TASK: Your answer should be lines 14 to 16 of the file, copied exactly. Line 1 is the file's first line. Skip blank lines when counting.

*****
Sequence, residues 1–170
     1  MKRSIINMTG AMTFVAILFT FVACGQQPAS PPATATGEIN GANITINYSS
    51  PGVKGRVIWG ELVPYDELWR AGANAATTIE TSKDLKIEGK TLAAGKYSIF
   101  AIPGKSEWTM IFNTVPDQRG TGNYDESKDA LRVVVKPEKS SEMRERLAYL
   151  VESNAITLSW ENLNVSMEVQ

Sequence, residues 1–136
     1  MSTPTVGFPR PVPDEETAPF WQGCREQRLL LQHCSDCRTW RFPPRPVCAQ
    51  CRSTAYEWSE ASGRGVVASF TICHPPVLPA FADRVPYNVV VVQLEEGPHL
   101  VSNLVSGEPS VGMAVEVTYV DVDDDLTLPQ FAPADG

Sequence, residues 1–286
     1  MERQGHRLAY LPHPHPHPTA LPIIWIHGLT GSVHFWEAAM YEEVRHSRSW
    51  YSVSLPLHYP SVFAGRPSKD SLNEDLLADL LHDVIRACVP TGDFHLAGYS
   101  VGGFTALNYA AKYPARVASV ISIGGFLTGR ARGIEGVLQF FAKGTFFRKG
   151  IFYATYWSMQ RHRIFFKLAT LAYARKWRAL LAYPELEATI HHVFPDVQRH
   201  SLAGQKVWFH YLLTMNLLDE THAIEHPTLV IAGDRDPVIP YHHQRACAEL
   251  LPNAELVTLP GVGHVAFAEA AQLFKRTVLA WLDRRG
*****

   151  IFYATYWSMQ RHRIFFKLAT LAYARKWRAL LAYPELEATI HHVFPDVQRH
   201  SLAGQKVWFH YLLTMNLLDE THAIEHPTLV IAGDRDPVIP YHHQRACAEL
   251  LPNAELVTLP GVGHVAFAEA AQLFKRTVLA WLDRRG